One thing that was a real eye opener recently was with reading rhythms, which tended to trip me up, always counting 1 e and a - 2 e and a - 3 e and a, and so on. Instead, I just find the smallest subddivision in a bar such as a quarter notes or 8ths or 16ths, and then divide each bar into convenient chunks.
I’m also getting much more of a feel for rhythms now, so I only need to count them when I’m stuck.

Developing that natural sense of rhythm and timing is the heart of a bass player.

Definitely agree with the start thinking in intervals bit. I think it’s important to know the intervals all over the neck and not just ones that are in a box, knowing where any major 3rd, 5th or minor 7th is relative to the root. When jamming I practise zipping from, say, the root on 8th fret E string to a minor 3rd on the 4th fret B string, to a 5th on 12th fret G string. I practice finding all of the chord tones all over the neck.

This helps you to see the entire fretboard as a whole rather than just seeing the immediate box that I’m currently playing in. Thinking this way is massively advantageous for improvising and knowing the fretboard intimately.

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This. After B2BA, forget about other classes for a while. Just put on some drum loops and play.

This will help you more than anything else you can possible do, more than any other class you take online. Once you have the fundamentals down, which is what B2B gives you, you need to immediately start applying them. Solidifying them this way is much more important than anything else.

Plus it’s fun, and that really matters.

So, forget about lessons or classes for a bit, and just enjoy playing music. Drums are way better for this than a metronome. Try different tempos and styles! Play slow! Play fast! Just get in to it and jam it on the beat.

Seriously. I’m not going to say nothing else matters but this… but it’s close.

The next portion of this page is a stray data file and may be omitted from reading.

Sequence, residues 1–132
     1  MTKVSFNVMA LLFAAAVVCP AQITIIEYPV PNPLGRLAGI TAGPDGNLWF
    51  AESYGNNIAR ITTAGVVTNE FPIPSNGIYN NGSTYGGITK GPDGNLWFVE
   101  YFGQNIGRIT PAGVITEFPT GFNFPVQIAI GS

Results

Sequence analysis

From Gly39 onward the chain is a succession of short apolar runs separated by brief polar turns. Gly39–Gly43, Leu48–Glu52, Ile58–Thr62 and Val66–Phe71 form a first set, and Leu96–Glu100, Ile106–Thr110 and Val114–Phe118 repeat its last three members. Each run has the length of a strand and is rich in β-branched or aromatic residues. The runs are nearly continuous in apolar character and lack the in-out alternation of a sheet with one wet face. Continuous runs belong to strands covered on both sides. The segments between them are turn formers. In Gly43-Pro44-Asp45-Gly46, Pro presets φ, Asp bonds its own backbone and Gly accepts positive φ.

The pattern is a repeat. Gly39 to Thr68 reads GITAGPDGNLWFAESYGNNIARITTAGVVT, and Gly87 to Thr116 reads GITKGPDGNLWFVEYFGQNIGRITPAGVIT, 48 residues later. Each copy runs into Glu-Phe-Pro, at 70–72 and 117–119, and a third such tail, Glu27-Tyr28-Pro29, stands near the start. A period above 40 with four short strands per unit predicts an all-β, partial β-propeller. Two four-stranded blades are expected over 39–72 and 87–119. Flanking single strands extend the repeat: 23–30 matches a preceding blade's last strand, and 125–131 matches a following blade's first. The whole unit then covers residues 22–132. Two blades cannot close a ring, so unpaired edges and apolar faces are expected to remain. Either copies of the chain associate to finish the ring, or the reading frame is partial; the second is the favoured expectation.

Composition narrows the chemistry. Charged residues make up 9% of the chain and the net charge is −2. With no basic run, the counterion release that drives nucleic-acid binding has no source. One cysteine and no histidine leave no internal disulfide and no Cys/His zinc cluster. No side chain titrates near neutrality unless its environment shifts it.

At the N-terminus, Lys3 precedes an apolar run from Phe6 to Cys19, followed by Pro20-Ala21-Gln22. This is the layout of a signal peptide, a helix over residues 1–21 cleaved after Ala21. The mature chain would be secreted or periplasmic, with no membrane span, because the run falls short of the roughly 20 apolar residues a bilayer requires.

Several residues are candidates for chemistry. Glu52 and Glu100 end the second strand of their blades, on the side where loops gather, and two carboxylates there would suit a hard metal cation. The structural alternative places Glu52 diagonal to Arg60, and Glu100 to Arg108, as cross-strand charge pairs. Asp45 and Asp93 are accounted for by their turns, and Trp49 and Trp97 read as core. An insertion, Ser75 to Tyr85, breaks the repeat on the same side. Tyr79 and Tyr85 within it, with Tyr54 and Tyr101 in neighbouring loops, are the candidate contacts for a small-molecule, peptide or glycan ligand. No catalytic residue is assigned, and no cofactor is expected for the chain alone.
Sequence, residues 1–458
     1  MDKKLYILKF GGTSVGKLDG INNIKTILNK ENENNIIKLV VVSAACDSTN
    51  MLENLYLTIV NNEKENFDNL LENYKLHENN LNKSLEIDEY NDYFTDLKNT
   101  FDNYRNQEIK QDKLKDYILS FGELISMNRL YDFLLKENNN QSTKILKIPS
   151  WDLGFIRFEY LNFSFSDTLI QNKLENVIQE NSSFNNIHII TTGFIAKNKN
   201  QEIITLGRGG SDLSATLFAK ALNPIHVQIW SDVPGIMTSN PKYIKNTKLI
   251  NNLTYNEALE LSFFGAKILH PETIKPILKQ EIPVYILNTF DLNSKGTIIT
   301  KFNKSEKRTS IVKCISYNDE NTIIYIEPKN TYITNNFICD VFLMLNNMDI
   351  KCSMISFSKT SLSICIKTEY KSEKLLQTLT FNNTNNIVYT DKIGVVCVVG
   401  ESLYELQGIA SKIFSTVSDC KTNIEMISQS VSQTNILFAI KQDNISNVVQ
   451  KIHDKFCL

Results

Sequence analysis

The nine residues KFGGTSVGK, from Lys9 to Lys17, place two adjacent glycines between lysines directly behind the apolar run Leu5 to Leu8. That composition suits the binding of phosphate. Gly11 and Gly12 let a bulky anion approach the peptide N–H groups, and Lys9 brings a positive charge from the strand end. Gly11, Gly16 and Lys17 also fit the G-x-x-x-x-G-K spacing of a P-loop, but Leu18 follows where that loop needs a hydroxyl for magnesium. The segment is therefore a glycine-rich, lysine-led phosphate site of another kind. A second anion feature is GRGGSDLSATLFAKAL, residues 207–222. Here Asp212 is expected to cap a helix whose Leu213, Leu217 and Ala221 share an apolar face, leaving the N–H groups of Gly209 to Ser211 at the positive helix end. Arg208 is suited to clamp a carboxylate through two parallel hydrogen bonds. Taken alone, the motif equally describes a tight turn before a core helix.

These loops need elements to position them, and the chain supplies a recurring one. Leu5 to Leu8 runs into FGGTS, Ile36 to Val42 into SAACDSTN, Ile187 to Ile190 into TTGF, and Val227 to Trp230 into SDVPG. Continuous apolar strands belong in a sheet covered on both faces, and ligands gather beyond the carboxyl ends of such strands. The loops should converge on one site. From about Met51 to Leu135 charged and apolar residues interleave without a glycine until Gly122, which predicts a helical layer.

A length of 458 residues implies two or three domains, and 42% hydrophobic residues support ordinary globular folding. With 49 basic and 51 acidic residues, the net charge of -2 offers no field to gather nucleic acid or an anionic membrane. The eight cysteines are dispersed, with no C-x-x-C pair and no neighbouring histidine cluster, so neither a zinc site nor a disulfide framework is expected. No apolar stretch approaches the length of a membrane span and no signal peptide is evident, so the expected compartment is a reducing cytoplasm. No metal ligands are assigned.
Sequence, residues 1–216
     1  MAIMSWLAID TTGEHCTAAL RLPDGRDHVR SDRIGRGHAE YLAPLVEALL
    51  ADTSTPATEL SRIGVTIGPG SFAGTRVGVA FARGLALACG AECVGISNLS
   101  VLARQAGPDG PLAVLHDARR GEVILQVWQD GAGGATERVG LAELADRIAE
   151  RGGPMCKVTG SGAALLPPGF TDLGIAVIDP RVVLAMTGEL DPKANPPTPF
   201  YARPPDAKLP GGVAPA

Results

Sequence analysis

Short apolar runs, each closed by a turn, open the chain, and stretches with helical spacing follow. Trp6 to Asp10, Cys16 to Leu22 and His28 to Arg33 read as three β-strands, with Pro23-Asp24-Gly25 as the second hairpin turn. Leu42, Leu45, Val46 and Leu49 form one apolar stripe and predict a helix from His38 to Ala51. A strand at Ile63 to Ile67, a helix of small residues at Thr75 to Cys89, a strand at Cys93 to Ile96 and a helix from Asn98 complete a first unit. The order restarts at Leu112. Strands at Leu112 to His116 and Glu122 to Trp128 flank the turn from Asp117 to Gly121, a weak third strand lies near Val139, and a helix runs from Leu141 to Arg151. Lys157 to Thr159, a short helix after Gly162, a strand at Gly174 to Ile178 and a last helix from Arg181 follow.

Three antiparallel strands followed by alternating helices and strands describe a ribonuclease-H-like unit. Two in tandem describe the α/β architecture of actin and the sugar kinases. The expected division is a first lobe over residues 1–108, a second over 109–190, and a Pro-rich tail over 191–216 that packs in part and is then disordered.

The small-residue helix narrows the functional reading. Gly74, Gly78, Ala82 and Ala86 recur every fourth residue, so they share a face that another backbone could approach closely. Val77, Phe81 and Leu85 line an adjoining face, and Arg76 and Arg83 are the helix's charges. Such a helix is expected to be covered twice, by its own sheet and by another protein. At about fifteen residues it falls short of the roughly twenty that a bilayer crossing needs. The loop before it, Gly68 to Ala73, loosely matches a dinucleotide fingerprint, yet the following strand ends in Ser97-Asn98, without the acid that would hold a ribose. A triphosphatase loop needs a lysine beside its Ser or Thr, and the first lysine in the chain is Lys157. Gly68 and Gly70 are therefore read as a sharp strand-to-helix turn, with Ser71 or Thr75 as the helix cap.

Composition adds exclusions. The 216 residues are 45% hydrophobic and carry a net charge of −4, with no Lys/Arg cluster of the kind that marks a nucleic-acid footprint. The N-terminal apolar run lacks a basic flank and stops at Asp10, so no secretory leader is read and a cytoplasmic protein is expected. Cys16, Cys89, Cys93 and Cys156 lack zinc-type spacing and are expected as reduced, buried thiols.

…and this is an excellent way to do it :slight_smile:

Lots of fun effects and amp sims in there too.

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I have a drum machine app on my phone, Loopz I think it’s called, and I play it through my amp at home. Last couple weeks at my in person lesson, my teacher picks a random drum track, I figure out bass line, my teacher comes in on guitar, and then things evolve.

Everything you know just comes into play.

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Well jamming, advices from people, fingering practices…
I like going to https://chordify.net/ find some of the songs I like and try to lay down my own groove, using this also helped me memorize fretboard.

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Find all the notes on the neck in different spots.

Focus on a note, say the C, and find it all over the neck and fret the note.

Mix it up so you force yourself to find the note way down the neck and way up the neck.

Then in another month move onto E sharp. Then F, etc… and find that note all over the neck. This unlocks the neck.

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That’s not going to be very challenging a step :slight_smile:

(they are the same note)

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I slow the tempo down to 70% and slowly increase to 100% when learning new songs.

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My mistake.

You get the point though.